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Arte & Arquitectura
Architectural Digest

Architectural Digest December 2019

Architectural Digest is the world's foremost design authority, showcasing the work of top architects and interior decorators. It continues to set new benchmarks for how to live well—what to buy, what to see and do, where to travel, and who to watch on the fast-paced, multifaceted global design scene.

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12 Edições

nesta edição

1 minutos
charleston south carolina

unforgettable HOLIDAY GETAWAY No matter your Christmas wish, you’ll find a home for the holidays here in Charleston. HOLIDAY HEADQUARTERS Perhaps the best time of year to check into Belmond Charleston Place hotel is during the holidays. Step into the grand lobby and you’ll be greeted with a magnificent holiday display complete with a fully operational replica of the Venice Simplon-Orient-Express train. Enjoy on-site shopping and luxurious dining at Charleston Grill. TRADITIONAL WITH ALL THE TRIMMINGS A stay at the Mills House Hotel (circa 1853) offers guests an opportunity to experience Christmas as it was in the 19th century. Enjoy a traditional Christmas dinner on property at the Barbadoes Room before hopping on an evening carriage ride to admire how neighboring historic homes deck the halls for the holidays. LUXE WINTER HIDEAWAY The Spectator, a chic 41-room boutique…

2 minutos
editor’s letter

“Cindy [Sherman] was immediately game. Cindy’s not going to live in some Belgian plaster world of refinement.”—Billy Cotton If you spend even a little time in the company of artists—or, as I do, a lot of time—you quickly realize that although they may be surrounded by the same quotidian stuff of life as the rest of us, they see it all through vastly more imaginative eyes. While many homeowners tell AD that they want their interiors to induce feelings of calm, well-being, and happiness, few express themselves in the visceral way the multi-hyphenate Swiss artist Urs Fischer does: “Some rooms, like the kitchen, you want to make you feel up and excited. Others, like the living room, you want to lower your heart rate.” Fischer’s L.A. kitchen is exciting—West Coast editor…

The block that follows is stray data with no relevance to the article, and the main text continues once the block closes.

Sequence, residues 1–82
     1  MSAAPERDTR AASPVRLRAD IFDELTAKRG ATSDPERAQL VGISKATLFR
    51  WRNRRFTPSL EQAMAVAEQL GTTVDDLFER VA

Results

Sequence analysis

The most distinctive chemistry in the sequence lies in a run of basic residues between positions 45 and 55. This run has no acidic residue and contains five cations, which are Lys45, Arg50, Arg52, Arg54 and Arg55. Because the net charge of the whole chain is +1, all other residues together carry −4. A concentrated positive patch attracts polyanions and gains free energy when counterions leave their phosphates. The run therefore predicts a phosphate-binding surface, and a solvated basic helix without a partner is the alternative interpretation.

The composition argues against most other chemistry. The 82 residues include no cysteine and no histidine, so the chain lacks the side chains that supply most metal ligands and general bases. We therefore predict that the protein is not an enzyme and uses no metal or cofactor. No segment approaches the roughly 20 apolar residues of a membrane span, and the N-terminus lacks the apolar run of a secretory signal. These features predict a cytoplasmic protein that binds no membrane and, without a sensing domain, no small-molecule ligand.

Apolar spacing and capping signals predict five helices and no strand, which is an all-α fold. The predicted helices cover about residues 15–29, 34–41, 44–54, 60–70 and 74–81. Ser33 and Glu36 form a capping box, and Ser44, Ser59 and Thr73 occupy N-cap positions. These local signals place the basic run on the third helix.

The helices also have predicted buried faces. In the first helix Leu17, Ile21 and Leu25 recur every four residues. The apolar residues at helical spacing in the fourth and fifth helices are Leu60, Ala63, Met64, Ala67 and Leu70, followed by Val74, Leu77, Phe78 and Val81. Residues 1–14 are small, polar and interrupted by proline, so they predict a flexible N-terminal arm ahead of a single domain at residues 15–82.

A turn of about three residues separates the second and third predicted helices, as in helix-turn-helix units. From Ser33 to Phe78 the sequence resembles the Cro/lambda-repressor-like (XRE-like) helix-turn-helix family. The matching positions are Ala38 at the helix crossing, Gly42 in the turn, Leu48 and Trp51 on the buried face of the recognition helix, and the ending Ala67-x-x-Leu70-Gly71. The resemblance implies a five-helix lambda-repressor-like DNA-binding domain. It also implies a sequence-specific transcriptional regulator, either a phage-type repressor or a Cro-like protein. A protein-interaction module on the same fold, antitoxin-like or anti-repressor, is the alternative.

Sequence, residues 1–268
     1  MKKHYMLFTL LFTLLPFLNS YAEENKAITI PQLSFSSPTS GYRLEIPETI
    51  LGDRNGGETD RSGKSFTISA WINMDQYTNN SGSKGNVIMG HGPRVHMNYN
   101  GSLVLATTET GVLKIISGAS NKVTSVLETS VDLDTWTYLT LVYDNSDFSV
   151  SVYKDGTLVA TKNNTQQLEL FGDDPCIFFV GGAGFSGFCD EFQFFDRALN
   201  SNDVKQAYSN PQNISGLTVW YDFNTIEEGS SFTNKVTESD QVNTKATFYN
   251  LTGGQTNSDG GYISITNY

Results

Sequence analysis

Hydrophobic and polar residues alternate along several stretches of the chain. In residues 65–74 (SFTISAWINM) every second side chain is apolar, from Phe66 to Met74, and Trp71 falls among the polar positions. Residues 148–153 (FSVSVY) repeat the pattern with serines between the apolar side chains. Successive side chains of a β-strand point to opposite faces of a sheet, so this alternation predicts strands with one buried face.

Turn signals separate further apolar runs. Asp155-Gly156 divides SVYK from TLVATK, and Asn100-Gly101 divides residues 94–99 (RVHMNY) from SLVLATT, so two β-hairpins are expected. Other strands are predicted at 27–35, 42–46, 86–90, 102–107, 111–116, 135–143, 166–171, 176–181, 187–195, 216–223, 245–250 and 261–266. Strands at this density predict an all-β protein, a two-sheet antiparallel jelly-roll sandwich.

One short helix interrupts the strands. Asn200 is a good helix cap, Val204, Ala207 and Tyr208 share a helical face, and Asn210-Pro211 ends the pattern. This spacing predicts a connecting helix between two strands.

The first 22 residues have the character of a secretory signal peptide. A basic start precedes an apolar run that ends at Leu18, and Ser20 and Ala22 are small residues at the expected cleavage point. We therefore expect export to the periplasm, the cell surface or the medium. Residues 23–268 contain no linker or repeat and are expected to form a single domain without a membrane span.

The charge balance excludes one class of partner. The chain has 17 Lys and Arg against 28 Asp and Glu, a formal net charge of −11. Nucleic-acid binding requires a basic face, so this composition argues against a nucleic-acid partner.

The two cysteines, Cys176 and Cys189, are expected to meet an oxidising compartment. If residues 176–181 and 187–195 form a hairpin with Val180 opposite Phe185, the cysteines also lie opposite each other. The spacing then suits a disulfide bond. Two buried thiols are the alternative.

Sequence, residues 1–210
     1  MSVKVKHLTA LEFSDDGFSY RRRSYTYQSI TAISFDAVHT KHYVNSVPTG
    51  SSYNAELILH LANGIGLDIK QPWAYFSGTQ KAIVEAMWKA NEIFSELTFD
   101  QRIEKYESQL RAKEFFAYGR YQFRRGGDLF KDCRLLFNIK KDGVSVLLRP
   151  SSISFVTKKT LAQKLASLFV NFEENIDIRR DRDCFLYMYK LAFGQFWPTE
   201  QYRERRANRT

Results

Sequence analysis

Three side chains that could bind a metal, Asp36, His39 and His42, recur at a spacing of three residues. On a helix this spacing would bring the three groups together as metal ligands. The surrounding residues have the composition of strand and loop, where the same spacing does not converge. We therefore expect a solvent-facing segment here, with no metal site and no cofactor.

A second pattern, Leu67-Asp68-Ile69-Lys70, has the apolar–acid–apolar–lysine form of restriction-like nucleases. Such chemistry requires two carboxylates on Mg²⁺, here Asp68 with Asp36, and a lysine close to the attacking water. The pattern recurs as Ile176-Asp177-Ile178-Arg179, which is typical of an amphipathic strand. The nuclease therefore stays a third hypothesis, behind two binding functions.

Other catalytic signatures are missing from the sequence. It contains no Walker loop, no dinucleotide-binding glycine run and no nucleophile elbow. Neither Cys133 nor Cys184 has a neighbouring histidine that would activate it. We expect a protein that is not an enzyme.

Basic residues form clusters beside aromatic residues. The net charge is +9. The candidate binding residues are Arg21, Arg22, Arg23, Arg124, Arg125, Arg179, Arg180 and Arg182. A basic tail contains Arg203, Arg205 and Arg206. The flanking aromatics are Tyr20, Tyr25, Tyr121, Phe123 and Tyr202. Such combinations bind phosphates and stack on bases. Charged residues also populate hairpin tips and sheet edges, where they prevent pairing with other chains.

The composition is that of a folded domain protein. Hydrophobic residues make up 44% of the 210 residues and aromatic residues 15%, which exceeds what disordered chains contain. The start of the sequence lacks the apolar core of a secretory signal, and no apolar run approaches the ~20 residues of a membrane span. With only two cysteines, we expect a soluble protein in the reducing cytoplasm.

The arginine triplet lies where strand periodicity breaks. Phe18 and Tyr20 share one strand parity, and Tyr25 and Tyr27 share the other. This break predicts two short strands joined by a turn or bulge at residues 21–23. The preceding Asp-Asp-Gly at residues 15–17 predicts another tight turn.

2 minutos
west world

FRANZ WEST’S UNCLE CHAIRS IN ARTIST ADEL ABDESSEMED’S KITCHEN, BY AD100 DESIGNER INDIA MAHDAVI. Austrian artist Franz West never cared much for works that simply hung on walls. For his Passstücke, or “Adaptives,” developed in the 1970s, he coated found objects in plaster and encouraged viewers to pick them up or put them on. What came next was equally interactive: seating. His first chairs—made in collaboration with Mathis Esterhazy in the late 1980s—were welded together from scrap metal. At his 1989 solo show at MoMA PS1, to soften the perch and encourage conversation, West laid the seats with the day’s newspaper. At the Kunsthistorisches Museum in Vienna, he placed them in front of masterpieces, nudging visitors to consider certain works, and at the 1990 Venice Biennale they were installed waterfront. There was one…

2 minutos
ladies first

The neon sign flickering above the front desk just off Melrose Place says it all: sisterhood works. Debbie Wosskow, a tech entrepreneur, and Anna Jones, a former CEO of Hearst in England, founded the private members club AllBright in 2017 with the express purpose of “changing the world for women who work,” Wosskow declares. “That can mean networking opportunities, business education, or just a welcoming space to have a client meeting, a drink, or even a pedicure.” Buoyed by a thriving online community, AllBright opened its first brick-and-mortar club in a London town house in 2018. After launching a second London location earlier this year, AllBright has now christened its inaugural Stateside outpost, under the sunny skies of L.A., in a sophisticated yet playful setting devised by AD100 designer Brigette…

1 minutos
prime ribes

Fashion designer, arts patron, and writer Jacqueline de Ribes—hailed as the “last queen of Paris”—has the star power, but Édouard de Ribes, her banker husband, had the goods. “A lot of journalists are focusing on the comtesse because she was so beautiful and so iconic, but the collection was created over six generations by a family that became rich and grew richer,” said Mario Tavella, the chairman of Sotheby’s Europe and the president–director general of Sotheby’s France, which is offering part one of La Collection Ribes on December 11 and 12. (Part two will be sold in spring 2020.) Descendant of a royal finance official who was ennobled in 1816, Édouard de Ribes, who died in 2013, was the sixth count of the line and the inheritor of not only…

2 minutos
special effects

During the good-taste craze of the 1990s, Johanna Grawunder became bored with beige. “I wanted a contemporary language, something that was almost digital,” says the San Francisco– and Milan-based designer, who worked for 16 years with Italian legend Ettore Sottsass, 12 of them as partner at Sottsass Associati. Light, she discovered, gave her access to “colors you couldn’t find in a Pantone chip.” Using colored bulbs, she illuminated tables, bookcases, chandeliers, and entire homes. The effects were both freaky—a heavy cabinet might appear to hover off the ground—and flattering. “Pink makes everyone look healthy and happy,” Grawunder notes. “It’s why they painted walls in Pompeii bright red.” Now she is bringing her digital-age color theory to Milan’s Palazzo Reale for an exhibition of historic jewelry and objects by Van Cleef…